Through ATHLETE’s Fellowship Programme, early-career researchers working on the human exposome are given the opportunity to collaborate with other consortium partners around the world. We talked with Aidan Watmuff, a research data analyst at the Bradford Institute for Health Research in the UK, about his recent fellowship that he completed at ISGlobal.

Fellow profile: Aidan Watmuff is a geographic data analyst based at the Bradford Institute for Health Research and works with ATHLETE partner Born in Bradford (BiB) to study a prospective pregnancy/birth cohort of over 12,500 families based in Bradford, the 6th largest city in the UK. The study aims to examine how genetic, nutritional, environmental, behavioural and social factors affect health and development during childhood and into adult life, in a deprived multi-ethnic population.


Hosting institution: ISGlobal leads the coordination of the ATHLETE project and hosted Aidan within their geographic information systems (GIS) team. Amanda Fernandes, a postdoctoral researcher on urban health, provided technical guidance throughout the fellowship. In the ATHLETE project, the GIS team contributes to work carried out under work package 1, which focuses on establishing the FAIR (Findable, Accessible, Interoperable, Reusable) data infrastructure with a safe and robust data management platform when working with data from different exposome cohorts.


Aidan, what is your research focus in the ATHLETE project?

My area of interest is looking at the spatial variation in environmental exposures, and how this can have an impact on health. In other words, I am interested in how differences in a person’s location (for example, where they live or work) can either positively or negatively impact their health, due to either harmful or beneficial factors in their local area (such as high air pollution or living close to park).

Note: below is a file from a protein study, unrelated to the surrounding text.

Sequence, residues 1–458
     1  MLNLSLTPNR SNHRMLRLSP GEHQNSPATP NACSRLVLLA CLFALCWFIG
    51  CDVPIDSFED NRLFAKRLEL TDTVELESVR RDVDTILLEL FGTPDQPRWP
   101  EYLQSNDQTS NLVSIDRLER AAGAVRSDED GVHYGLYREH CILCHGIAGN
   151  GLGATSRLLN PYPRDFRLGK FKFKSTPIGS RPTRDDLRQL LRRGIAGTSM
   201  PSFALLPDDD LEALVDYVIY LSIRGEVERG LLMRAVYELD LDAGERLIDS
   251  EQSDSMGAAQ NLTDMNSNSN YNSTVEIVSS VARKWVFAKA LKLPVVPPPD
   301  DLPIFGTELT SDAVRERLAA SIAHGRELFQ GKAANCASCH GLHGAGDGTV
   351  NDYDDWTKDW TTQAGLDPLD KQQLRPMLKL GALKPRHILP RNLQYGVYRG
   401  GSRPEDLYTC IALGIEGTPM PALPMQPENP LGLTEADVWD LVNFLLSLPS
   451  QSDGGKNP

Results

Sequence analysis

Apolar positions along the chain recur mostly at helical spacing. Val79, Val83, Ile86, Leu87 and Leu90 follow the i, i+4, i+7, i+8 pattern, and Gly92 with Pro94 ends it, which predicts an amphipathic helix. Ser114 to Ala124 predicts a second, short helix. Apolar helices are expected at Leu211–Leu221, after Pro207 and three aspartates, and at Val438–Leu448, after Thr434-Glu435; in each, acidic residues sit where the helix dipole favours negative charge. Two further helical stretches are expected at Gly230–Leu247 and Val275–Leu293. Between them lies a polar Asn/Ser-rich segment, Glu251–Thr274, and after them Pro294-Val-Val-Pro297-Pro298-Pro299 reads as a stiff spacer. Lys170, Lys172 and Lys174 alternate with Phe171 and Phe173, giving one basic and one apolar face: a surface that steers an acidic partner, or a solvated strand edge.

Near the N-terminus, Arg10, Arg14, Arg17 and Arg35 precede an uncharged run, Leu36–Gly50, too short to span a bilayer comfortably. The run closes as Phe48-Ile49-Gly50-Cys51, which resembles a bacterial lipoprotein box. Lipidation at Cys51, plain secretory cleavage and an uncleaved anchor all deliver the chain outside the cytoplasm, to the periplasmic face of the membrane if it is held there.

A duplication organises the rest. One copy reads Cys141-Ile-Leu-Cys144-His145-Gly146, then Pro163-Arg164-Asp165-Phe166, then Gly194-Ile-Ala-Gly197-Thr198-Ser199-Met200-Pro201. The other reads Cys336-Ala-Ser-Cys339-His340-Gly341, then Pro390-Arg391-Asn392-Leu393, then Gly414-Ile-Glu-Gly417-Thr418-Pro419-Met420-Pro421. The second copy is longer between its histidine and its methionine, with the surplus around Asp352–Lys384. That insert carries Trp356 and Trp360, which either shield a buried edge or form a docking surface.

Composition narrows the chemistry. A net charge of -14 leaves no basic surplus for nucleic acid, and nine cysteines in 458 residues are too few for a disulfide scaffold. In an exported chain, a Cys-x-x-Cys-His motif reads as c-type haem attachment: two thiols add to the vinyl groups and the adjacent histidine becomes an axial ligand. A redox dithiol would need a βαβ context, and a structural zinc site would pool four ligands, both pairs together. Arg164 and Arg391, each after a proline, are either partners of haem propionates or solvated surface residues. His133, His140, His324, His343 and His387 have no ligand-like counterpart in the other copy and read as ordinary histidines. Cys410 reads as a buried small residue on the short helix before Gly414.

As a data analyst, my role in ATHLETE is mainly technical. My work explores ways to improve the quality of our existing location and environmental exposure data to help contribute towards more accurate research into the impact of people’s direct environment on health.


How did you choose your fellowship and what did you do during your placement?

I have a background in geography and geographic information science (GIS), and I was looking for opportunities to collaborate with an institution with a strong GIS team with the aim of being able to bring some new spatial analysis skills back to my home institution, Born in Bradford. I had previously worked with the GIS team at ISGlobal, so the fellowship seemed like a natural fit!

Over the course of the ten-week fellowship, I designed and tested a new methodology for cleaning GPS data in ATHLETE, to identify the main locations visited by our study participants over an average week. This included tackling technical problems related to manipulating big sets of GPS data, running algorithms to automate the data cleaning process, and reviewing existing academic literature to identify the most suitable parameters to apply to the data when identifying microenvironments.

I documented this process in a detailed protocol which can be used in other studies in ATHELTE as a how-to guide for cleaning big and complex GPS data. This protocol also provides a thorough step-by-step methodology for identifying and verifying microenvironments visited by study participants. Using evidence from academic literature and study data, the protocol aims to explain why each decision is made in the data cleaning process and highlights potential difficulties a researcher may encounter when using GPS data.

What are the next steps in your research work under the ATHLETE project and what are you looking forward to?

In this fellowship I was able to develop the protocol based on Born in Bradford (BiB) data, and I hope to expand this and verify the protocol using GPS data from five other ATHLETE studies. Once I have finalised the protocol, I would like to expand the project and use this new location data to create highly accurate environmental exposure estimates (such as on air pollution), based on locations actually visited by participants. This would provide greater accuracy compared to the common practice of just using home or school addresses. This information can help with the design and development of interventions to improve the health of communities in cities.